WASHINGTON (AP) _ President Bush on Thursday proposed a three-year, $5 billion program to provide aid for developing nations as long as they respect human rights, fight corruption, educate their people and open their markets.
``Along with significant new resources to fight world poverty, we will insist on the reforms necessary to make this a fight we can win,'' Bush said in an address before the Inter-American Development Bank.
Bush unveiled his plan for global development assistance ahead of the International Conference on Financing Development that he will attend next week in Monterrey, Mexico. The $5 billion announced Thursday is outside of existing aid requests, Bush said. It would be subject to congressional approval.
Advocacy groups generally cheered Bush's announcement, but said they hope he follows through.
``We applaud the president for recognizing the need to develop policies that elevate the importance of overseas development assistance. However, we need to see more details,'' said Sid Balman, spokesman for InterAction, an alliance of nongovernmental organizations. ``We hope his commitment in principle sees the light of day when the final figures of the budget come out.''
Bush said the Monterrey conference provides a chance for wealthier nations to think up new ways to foster development in poorer nations, rather than cobble together financial assistance that locks them into a cycle of dependence.
He noted that the United States alone buys and imports more than $450 billion in goods and services from developing nations, more than eight times the amount of aid these countries receive from all sources. So their progress, Bush said, is reliant on trade, and trade can happen only when there is a conducive climate.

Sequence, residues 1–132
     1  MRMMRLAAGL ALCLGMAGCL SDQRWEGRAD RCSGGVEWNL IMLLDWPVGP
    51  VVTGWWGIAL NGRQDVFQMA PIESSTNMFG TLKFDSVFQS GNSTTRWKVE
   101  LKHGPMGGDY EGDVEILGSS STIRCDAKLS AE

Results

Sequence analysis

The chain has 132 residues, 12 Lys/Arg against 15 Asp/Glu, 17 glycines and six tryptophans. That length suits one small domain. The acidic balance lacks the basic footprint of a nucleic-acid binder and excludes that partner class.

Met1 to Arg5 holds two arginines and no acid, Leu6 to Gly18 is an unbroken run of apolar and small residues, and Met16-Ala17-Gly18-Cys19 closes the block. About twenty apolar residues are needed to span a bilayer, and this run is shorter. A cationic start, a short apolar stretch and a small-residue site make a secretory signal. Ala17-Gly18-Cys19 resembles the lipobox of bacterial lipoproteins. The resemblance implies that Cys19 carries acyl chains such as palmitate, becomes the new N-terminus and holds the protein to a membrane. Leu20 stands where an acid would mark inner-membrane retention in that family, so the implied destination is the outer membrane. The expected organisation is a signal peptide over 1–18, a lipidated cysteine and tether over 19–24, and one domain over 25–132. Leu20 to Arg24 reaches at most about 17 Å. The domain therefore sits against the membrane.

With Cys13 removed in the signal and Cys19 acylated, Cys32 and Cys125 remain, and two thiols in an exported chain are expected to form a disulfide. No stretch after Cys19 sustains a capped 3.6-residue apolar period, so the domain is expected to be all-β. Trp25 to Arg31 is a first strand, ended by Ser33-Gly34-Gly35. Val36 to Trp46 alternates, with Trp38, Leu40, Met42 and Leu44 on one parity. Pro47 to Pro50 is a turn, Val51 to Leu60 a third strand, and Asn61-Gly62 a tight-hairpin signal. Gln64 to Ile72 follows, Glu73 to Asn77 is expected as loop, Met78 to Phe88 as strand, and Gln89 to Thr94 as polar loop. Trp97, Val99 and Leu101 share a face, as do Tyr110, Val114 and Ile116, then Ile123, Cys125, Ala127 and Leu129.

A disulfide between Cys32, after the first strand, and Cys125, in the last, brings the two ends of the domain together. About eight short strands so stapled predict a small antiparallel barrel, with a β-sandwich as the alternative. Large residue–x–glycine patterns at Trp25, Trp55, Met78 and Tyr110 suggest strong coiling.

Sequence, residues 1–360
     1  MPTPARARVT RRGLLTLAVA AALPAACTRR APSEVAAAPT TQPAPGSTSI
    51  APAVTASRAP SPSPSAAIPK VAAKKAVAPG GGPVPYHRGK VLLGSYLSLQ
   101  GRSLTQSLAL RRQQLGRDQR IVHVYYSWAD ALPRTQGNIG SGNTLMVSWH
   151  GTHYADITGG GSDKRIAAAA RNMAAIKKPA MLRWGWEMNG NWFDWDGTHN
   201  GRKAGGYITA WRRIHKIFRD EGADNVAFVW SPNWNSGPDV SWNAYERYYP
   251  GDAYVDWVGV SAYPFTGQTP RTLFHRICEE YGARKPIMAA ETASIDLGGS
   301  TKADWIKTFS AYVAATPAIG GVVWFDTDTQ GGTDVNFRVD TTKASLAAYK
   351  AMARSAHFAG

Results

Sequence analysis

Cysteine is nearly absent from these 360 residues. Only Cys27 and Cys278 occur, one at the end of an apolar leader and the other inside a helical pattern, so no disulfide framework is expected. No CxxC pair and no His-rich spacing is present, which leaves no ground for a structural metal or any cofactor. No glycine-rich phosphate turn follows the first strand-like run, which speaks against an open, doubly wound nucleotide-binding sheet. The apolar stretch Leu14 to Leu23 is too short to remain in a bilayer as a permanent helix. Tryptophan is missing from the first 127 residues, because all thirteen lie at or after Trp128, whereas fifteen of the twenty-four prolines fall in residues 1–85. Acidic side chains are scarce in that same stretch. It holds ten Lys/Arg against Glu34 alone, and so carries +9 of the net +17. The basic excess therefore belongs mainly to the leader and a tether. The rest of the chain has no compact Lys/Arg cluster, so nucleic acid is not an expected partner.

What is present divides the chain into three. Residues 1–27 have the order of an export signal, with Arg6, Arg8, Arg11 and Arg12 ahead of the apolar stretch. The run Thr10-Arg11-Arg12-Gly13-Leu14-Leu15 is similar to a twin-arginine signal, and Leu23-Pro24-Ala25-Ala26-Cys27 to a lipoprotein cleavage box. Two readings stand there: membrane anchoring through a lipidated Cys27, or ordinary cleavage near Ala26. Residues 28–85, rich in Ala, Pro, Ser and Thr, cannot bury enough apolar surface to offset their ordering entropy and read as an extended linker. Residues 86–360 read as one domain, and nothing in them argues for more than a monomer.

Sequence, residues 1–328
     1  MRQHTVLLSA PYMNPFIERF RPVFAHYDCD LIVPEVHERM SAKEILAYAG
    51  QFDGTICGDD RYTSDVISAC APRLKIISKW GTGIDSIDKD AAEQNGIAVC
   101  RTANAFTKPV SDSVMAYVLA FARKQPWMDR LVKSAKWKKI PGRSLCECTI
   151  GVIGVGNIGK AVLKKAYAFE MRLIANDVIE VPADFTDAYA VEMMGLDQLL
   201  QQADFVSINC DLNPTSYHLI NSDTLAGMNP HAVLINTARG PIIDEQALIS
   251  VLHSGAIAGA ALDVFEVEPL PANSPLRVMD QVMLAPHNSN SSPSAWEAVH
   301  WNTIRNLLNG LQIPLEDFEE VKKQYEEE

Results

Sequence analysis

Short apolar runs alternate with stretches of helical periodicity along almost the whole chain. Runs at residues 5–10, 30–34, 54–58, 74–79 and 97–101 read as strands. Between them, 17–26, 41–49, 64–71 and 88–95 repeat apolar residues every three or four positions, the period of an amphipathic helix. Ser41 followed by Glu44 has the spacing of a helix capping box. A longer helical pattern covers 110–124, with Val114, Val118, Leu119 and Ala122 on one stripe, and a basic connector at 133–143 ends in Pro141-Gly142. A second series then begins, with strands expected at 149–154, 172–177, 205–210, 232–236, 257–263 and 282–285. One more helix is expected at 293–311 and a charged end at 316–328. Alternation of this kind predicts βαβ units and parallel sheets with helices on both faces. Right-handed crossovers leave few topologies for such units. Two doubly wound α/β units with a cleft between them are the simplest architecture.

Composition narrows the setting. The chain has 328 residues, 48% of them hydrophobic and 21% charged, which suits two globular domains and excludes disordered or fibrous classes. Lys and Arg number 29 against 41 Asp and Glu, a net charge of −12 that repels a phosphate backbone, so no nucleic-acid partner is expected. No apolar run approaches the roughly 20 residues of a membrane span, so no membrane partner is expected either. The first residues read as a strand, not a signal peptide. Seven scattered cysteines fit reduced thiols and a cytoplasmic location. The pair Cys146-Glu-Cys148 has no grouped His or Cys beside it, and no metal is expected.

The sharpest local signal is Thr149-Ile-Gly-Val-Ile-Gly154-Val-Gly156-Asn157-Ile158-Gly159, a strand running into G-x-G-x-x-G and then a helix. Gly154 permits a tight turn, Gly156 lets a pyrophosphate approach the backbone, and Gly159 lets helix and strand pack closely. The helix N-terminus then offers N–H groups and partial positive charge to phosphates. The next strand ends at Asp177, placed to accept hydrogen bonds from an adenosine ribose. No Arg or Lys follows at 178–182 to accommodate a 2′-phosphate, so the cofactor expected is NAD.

``To make progress, we must encourage nations and leaders to walk the hard road of political, legal and economic reform so all their people can benefit,'' Bush said. Countries that adhere to these reforms, he said, ``will receive more aid from America and, more importantly, over time they will really no longer need it.''
With a leading proponent of debt relief _ rock star Bono _ at his side, Bush urged development banks to give up to half the moneys they devote to poor nations in the form of grants, rather than loans ``that may never be repaid.''
``Many have rallied to the idea of dropping the debt. I say let's rally to the idea of stopping the debt,'' Bush said.
The president also said the United States would increase to $500 million its contribution to a global AIDS fund, ``as the fund gets organized, develops a strategy and shows success.''
Bush spoke a day after the World Bank put out a report that showed developing countries are more likely to rebound from the global economic slowdown more quickly than richer nations, but still are not likely to experience rapid reductions in overall poverty.